Seb Berry head of public affairs for Solarcentury added: "The last thing this industry needs is yet another consultation on support levels. Ministers keep promising this industry "TLC" – transparency, longevity and certainty – but today's decision does the very opposite. The consultation response confirms that PV is already a more cost-effective technology than offshore wind and yet investors in the cheaper technology are now in limbo land awaiting yet another consultation and unable to commit to projects beyond March 2013."
But there was good news today for both marine energy and biomass, with DECC confirming that support for tidal stream and wave projects of under 30 megawatt would increase from 2ROCs to 5ROCs, while a new band would support existing coal plant converting to sustainable biomass fuels.
DECC said today’s package of changes could deliver 79 terrawatt hours (TWh) of renewable electricity per annum in the UK by 2017, which would be put it almost three quarters of the way towards meeting its 2020 renewable energy target of 108TWh.
Threat to decarbonisation target
Today’s victory for Davey and the Liberal Democrats over renewable subsidies is set to create a fierce debate in the autumn over the UK’s 2030 decarbonisation targets, when the Government sets out its gas strategy. The Government climate change watchdog, the Committee on Climate Change, has recommended a 2030 target, which would mean fitting all gas stations with carbon capture and storage, but some Tory MPs, including Osborne, want to abandon the target, claiming it will be too restrictive. However, green groups have warned this will create a "dash for gas".
DECC said today that it was committed to securing investment in gas generation and that it did not expect the role of gas to be restricted to "providing back up to renewables".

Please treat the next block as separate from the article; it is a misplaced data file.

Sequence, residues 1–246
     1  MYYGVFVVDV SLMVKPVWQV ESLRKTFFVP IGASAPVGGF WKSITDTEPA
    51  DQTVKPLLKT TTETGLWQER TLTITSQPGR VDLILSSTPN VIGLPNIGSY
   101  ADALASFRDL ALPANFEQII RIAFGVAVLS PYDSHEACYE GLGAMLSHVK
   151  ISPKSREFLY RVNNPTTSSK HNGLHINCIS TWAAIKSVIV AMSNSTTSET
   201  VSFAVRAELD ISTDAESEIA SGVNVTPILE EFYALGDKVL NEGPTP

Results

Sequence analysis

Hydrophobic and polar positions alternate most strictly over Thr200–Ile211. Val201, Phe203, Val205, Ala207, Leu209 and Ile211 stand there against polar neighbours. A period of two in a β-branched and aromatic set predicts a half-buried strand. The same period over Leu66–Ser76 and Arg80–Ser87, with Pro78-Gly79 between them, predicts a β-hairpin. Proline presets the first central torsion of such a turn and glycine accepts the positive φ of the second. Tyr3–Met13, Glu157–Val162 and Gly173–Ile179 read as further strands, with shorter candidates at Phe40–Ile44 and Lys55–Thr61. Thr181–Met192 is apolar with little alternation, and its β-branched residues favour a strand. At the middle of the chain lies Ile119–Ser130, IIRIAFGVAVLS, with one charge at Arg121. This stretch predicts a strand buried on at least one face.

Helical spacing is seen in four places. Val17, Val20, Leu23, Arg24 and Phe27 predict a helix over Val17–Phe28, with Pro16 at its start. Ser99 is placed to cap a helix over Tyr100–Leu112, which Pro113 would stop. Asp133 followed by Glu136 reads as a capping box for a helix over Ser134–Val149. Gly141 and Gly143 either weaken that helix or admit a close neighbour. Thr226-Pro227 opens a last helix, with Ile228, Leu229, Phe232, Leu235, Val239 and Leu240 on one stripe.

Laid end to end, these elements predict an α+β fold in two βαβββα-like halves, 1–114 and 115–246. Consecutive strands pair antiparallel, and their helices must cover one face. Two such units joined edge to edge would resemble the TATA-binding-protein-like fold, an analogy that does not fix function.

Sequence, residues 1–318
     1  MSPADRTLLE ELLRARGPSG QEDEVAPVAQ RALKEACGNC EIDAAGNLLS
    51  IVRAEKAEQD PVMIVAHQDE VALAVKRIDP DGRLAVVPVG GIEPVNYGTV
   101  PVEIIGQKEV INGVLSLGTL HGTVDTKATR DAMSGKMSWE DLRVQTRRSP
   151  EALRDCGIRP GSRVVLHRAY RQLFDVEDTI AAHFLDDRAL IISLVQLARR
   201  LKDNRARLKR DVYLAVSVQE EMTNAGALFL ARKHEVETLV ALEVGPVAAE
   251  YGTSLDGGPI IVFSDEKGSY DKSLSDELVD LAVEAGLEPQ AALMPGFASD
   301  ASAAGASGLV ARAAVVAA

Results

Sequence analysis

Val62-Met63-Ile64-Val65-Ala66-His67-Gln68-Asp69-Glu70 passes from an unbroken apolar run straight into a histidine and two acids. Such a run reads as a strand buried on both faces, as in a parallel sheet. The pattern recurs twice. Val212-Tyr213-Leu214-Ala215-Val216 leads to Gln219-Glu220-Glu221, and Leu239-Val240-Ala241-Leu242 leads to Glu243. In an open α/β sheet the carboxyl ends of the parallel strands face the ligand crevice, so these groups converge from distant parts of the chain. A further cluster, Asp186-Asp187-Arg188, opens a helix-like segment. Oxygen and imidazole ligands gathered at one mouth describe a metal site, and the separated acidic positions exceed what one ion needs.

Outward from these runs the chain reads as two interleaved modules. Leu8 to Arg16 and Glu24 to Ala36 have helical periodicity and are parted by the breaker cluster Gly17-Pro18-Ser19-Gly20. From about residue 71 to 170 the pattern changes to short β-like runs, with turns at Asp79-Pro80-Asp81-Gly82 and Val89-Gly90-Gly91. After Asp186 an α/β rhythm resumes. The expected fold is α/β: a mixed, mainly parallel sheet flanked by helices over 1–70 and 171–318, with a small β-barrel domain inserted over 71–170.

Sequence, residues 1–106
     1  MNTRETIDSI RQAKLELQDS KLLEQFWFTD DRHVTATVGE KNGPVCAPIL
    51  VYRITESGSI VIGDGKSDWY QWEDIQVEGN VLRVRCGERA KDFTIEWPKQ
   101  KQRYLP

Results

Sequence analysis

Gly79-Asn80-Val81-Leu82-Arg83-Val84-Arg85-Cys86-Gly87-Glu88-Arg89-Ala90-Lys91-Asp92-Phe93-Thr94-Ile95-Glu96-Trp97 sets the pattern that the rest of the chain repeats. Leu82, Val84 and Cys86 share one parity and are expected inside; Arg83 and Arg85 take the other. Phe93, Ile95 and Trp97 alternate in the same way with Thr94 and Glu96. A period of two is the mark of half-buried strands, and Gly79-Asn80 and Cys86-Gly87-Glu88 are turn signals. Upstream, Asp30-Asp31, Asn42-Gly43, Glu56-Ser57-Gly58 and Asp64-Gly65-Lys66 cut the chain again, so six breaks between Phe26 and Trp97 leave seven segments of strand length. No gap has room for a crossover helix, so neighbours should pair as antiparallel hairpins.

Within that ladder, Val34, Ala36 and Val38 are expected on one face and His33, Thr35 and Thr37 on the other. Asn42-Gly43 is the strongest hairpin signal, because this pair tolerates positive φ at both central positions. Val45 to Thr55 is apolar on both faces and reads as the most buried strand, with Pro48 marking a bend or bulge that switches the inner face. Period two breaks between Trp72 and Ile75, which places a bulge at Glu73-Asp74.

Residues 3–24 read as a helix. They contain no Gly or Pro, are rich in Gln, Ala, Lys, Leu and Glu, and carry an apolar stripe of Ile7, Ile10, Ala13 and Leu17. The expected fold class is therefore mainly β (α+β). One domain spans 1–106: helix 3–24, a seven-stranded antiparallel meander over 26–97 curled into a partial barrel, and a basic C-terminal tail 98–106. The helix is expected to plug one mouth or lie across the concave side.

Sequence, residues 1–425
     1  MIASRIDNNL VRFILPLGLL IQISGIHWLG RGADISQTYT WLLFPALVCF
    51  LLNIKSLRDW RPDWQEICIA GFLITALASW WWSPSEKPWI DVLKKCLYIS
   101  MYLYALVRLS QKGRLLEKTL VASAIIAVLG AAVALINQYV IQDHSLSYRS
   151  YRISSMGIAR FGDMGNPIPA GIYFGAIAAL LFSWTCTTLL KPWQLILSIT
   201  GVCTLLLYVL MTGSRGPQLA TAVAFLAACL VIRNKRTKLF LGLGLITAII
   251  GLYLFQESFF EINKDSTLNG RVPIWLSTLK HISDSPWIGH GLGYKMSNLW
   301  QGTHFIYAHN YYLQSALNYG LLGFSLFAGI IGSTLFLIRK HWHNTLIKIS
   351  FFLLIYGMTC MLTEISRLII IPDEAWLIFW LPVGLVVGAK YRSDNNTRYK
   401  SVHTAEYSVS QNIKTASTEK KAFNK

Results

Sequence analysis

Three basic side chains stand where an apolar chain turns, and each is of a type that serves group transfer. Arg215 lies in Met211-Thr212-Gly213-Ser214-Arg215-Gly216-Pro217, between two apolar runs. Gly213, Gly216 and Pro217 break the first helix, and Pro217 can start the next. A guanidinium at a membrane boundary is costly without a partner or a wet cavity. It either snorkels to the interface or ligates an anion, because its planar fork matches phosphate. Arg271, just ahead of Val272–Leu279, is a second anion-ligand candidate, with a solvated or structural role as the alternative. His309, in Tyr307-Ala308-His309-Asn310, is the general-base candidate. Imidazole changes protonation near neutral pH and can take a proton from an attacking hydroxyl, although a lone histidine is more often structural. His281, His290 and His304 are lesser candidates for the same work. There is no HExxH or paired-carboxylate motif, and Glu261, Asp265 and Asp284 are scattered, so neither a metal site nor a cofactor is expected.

It added: "Through the 2020s, and beyond if gas proves cheap, we expect it to continue to play a key role ensuring that we have sufficient capacity both to meet everyday demand and complementing an increasing amount of relatively intermittent and inflexible generation".
Leading business group the CBI welcomed the decision the Government had taken on supporting onshore wind, but said it was right to also back gas.
"The level of support the Government has agreed for onshore wind will help to encourage investment into our energy sector, creating jobs and supporting growth," John Cridland, CBI director-general, said. "Companies must be able to invest with confidence so that we can have secure, affordable and low-carbon electricity in the decades to come."
And he added: "The Government is right that gas should play a crucial role in any future energy mix. We have argued that there is no need for a false choice between renewables, nuclear, gas, and carbon capture and storage. It’s clear from the evidence that we need a diverse supply."
But Friends of the Earth's head of Campaigns Andrew Pendleton said: "Ed Davey has won the battle over wind subsidies - but at what price?
"Treasury arm-twisting has forced him to give his backing to new gas-fired power stations, which is completely at odds with his fuzzy rhetoric on clean British energy.
"The Government's climate advisors warn that UK climate targets won't be met unless our electricity system is almost entirely decarbonised by 2030 - Ed Davey must insist that this target is included in the Energy Bill when it enters Parliament later this year."
Like this story? Please subscribe to our free weekly e-newsletter at the top of the page for more content like this.